I'm sorry to be critical, but to me this is a really silly request.
It's easy for someone to say they want a "cruelty free, no animal testing product." After all, who's in FAVOR of cruelty? But what do you mean by "cruelty" in this context? The reality is that the ingredients in cologne are all tested on animals before they can be used, either by the company using the ingredient or by an independent lab in the past, and that's a government requirement by United States FDA (and every other government). And the reality is that lots of ingredients in most colognes come from animals, from civet to ambergris to a host of other animal byproducts.
And why is it "cruel" just because an ingredient originally came from an animal? Ambergris is harvested by obtaining it from the top of the ocean and from certain beaches, not by killing whales. How is that cruel?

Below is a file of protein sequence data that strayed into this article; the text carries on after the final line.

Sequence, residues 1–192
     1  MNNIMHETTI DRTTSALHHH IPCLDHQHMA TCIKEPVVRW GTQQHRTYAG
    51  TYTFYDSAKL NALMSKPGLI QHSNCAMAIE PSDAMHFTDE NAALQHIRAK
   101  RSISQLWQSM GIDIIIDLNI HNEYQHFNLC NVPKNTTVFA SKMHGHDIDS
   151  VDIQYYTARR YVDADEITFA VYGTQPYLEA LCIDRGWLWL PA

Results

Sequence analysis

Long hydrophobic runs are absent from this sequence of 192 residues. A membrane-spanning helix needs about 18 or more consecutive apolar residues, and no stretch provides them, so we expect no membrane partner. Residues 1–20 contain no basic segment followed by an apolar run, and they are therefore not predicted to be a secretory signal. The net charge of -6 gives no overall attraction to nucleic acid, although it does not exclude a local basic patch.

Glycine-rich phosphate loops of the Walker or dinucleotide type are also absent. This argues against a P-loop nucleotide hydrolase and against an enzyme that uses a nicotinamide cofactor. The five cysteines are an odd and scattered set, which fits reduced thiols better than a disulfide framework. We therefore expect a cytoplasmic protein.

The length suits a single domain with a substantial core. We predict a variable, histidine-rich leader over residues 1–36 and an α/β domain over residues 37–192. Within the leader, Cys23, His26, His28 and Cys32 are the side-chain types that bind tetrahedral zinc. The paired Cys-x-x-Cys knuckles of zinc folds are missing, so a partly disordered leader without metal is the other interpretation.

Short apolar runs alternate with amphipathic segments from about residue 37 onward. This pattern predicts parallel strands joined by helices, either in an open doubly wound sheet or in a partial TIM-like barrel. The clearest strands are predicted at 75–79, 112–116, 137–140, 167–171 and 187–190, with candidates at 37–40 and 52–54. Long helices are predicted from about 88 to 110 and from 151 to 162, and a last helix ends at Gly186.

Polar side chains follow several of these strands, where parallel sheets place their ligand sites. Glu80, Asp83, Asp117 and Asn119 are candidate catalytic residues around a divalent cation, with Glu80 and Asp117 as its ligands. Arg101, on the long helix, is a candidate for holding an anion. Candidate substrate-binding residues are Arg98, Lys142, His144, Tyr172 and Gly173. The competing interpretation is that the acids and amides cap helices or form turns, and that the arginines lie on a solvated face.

Now, if what you're looking for is an end product not tested on animals, that's a big list. Many, if not most, companies don't do animal testing of end products any more. If you go to PETA's website, for example, there are numerous postings about fragrance companies that do not animal test. I know that Thierry Mugler and Tom Ford are often mentioned, and many others, too.
I am not denigrating those that are in favor of animal rights. But a phrase like "cruelty free" is one of those that sounds great, but has little intrinsic meaning. In fact, the original post originally defined "cruelty free" as being synonymous with "no animal testing," then in response to a question agreed that it actually meant no animal testing and "not using note from animal." These are two very different things.
Again, I apologize for coming off as snarky. I haven't had my coffee yet today, and my intent is not to offend anyone. I can always be educated, too, if I'm incorrect. But it really annoys me when people use phrases like "cruelty free" or (and don't get me started on this one) "homeopathic" without an understanding of what they really mean.